Matheson talks to express about the challenges facing older LGBT Kiwis and says she’s, “not the sort of person who knows her place.”
Lexie Matheson ONZM says she wants to highlight the challenges older LGBT people face saying the Government and a number of community organisations have neglected the group.
The Senior New Zealander of the year long list nominee says she feels like that “older LGBTQI people are often left to simply get on with it” when it comes to the level of support in place.
Matheson made waves within the community last month when she took to her Facebook page to point out the Government’s LGBT mental health package supporting young people showed a lack of targeted support for older LGBT Kiwis.
Explaining the comments, Matheson says “in my post I was advocating for an acknowledgment that such resources would be valuable across our entire community in addition to that which is currently available.”
“I’m thrilled, but not surprised, that the government has produced a package supporting our rangatahi particularly in areas around mental health. It’s also true, though, that older LGBTQI people are often left to simply get on with it.” Matheson said.
“We LGBTQI oldies experience all the challenges that other older people face in any ageing community, but we have our own unique challenges as well.”
Matheson says there is still a long way to go in fixing a number of issues which are unique to older LGBT Kiwis, particularly for those who are transgender.
“In my community things have improved but coming out still frequently happens later in life. It’s a challenge for us and it’s one that we get little support for. It’s often a brutal world for the new transitioner, a world of unexpected dangers, unwelcome conflicts and concerns around personal safety to add to the well-canvassed issues gender diverse people face around housing, stigma, health care, access to education, homelessness, and violence.”
The Order of New Zealander recipient says her highlighting of these issues is not to take away from the Government’s package, which she supports. “Don’t get me wrong, I’m thrilled our rangatahi will gain additional support. It’s seriously needed. What would please me more, though, would be targeted funding made available to assist older LGBTQI people with our unique health issues.”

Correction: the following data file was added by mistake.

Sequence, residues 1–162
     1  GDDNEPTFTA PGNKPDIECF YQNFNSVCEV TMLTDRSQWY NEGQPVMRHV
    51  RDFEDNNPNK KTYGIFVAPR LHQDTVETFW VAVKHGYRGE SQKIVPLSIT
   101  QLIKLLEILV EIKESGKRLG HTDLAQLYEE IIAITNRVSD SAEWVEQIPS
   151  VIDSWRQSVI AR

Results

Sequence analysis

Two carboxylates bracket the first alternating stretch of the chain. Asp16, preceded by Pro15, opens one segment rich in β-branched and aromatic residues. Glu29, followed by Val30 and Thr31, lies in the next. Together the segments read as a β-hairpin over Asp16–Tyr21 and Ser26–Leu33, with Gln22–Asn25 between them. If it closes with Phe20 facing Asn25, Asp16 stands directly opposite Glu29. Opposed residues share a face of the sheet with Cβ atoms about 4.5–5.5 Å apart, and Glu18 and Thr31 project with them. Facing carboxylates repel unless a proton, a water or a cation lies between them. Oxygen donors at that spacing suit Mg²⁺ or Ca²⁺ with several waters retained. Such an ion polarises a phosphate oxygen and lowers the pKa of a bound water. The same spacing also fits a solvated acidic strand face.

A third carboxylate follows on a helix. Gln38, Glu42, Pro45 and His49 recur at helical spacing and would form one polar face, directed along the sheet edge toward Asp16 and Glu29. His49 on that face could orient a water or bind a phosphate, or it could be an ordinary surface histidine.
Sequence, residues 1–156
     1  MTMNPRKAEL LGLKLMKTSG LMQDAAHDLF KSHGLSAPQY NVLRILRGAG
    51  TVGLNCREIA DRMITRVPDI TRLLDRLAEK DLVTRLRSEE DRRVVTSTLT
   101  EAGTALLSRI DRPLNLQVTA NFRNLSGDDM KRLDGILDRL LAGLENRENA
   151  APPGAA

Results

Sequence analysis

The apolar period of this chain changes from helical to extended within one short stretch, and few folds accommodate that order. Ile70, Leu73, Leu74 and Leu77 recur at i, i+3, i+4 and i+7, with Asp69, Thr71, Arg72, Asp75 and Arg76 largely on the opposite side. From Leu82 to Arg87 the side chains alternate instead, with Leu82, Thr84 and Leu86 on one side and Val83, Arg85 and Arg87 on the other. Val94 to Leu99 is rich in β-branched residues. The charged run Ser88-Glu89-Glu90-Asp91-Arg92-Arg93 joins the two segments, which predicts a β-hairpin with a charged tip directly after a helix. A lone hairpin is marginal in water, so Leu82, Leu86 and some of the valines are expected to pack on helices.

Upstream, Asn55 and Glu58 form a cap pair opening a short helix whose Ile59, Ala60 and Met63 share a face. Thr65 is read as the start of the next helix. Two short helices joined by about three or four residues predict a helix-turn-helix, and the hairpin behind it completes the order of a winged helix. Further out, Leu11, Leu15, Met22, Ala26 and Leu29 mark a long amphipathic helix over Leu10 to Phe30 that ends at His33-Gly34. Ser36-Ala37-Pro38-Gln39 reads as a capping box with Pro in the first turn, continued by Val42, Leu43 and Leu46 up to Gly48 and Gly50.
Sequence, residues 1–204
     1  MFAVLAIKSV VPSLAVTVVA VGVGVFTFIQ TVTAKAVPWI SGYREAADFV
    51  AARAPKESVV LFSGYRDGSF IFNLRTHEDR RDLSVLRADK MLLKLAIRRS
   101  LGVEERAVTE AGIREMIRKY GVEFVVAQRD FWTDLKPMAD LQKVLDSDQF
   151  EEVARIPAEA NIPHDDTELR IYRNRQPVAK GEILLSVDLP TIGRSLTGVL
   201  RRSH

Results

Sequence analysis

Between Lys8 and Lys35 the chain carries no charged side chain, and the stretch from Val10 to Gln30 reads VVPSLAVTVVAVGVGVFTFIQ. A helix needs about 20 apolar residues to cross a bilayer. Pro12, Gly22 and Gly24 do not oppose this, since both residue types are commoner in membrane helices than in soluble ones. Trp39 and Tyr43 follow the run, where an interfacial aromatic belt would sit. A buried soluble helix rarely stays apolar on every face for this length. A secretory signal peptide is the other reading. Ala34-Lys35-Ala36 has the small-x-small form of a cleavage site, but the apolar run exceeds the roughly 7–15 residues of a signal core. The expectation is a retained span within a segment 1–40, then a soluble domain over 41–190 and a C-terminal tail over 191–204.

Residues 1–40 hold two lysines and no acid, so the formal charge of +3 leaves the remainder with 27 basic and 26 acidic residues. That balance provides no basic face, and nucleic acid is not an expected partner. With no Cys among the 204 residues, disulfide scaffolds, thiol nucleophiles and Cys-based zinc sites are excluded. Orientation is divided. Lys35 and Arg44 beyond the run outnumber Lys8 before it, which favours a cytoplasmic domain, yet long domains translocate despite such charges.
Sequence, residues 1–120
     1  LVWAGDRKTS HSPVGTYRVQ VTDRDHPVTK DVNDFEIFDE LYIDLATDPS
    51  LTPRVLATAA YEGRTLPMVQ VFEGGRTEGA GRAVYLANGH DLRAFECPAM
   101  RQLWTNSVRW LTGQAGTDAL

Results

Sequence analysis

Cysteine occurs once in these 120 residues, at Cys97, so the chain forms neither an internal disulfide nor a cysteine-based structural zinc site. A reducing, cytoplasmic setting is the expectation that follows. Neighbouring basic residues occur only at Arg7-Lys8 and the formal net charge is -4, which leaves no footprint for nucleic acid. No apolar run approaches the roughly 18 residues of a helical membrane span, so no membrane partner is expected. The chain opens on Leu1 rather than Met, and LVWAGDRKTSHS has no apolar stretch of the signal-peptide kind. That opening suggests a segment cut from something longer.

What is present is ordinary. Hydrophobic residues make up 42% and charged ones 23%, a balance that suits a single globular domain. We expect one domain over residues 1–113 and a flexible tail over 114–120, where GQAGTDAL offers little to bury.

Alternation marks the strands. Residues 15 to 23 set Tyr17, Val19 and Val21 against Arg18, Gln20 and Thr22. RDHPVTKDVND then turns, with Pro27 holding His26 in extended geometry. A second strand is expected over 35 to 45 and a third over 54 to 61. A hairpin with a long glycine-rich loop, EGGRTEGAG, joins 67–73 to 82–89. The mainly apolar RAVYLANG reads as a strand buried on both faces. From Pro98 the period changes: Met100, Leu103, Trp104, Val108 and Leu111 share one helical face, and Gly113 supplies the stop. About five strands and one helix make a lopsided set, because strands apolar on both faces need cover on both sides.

“It’s well documented that late-in-life housing for queer couples in conventional retirement homes is a challenge. It’s even worse for solo individuals. There is still a stigma for those of us who are out in our communities and, if I am in any way insightful, it’s getting worse. I’d like to hope my post was a clarion call to those in positions who can help and that support will be forthcoming but I’m fearful that this message is not being heard.”
Matheson says the lack of recognition and support for older LGBT Kiwis comes also from community organisations, including Auckland Pride. “I think older people are generally marginalised in our society and that LGBTQI community leaders and organisations are no different. I don’t think this is intentional but unless there is a voice at the table it’s very easy to forget that there are actually queers over forty.”
“I do have serious concerns about how Pride views ageing, about the anxieties we feel as older people when we see ourselves excluded from the party and, indeed, ignored.” Matheson says.
“To be honest I don’t know how to invade the Pride agenda because it’s not the easiest organisation to communicate with. When the schism occurred a couple of years ago a huge divide was created that has yet to be bridged. I know, having been involved for many years in the creating of queer events, that the people who were damaged, and remain hurt, by that experience, number in the hundreds. I’m sad that there is no acknowledgement of a pre-2019 Pride whakapapa because if we forget where we come from, anything we create in the future will be built on shifting sand. I feel the hurt of those who were damaged at that time – I am one – and I regret that nothing has been done to repair that damage.”